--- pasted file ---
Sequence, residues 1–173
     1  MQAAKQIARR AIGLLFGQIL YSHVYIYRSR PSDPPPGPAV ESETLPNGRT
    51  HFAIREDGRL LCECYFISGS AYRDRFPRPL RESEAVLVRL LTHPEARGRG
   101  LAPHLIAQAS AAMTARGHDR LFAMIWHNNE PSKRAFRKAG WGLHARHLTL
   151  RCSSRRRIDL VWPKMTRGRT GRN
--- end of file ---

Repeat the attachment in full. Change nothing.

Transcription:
Sequence, residues 1–173
     1  MQAAKQIARR AIGLLFGQIL YSHVYIYRSR PSDPPPGPAV ESETLPNGRT
    51  HFAIREDGRL LCECYFISGS AYRDRFPRPL RESEAVLVRL LTHPEARGRG
   101  LAPHLIAQAS AAMTARGHDR LFAMIWHNNE PSKRAFRKAG WGLHARHLTL
   151  RCSSRRRIDL VWPKMTRGRT GRN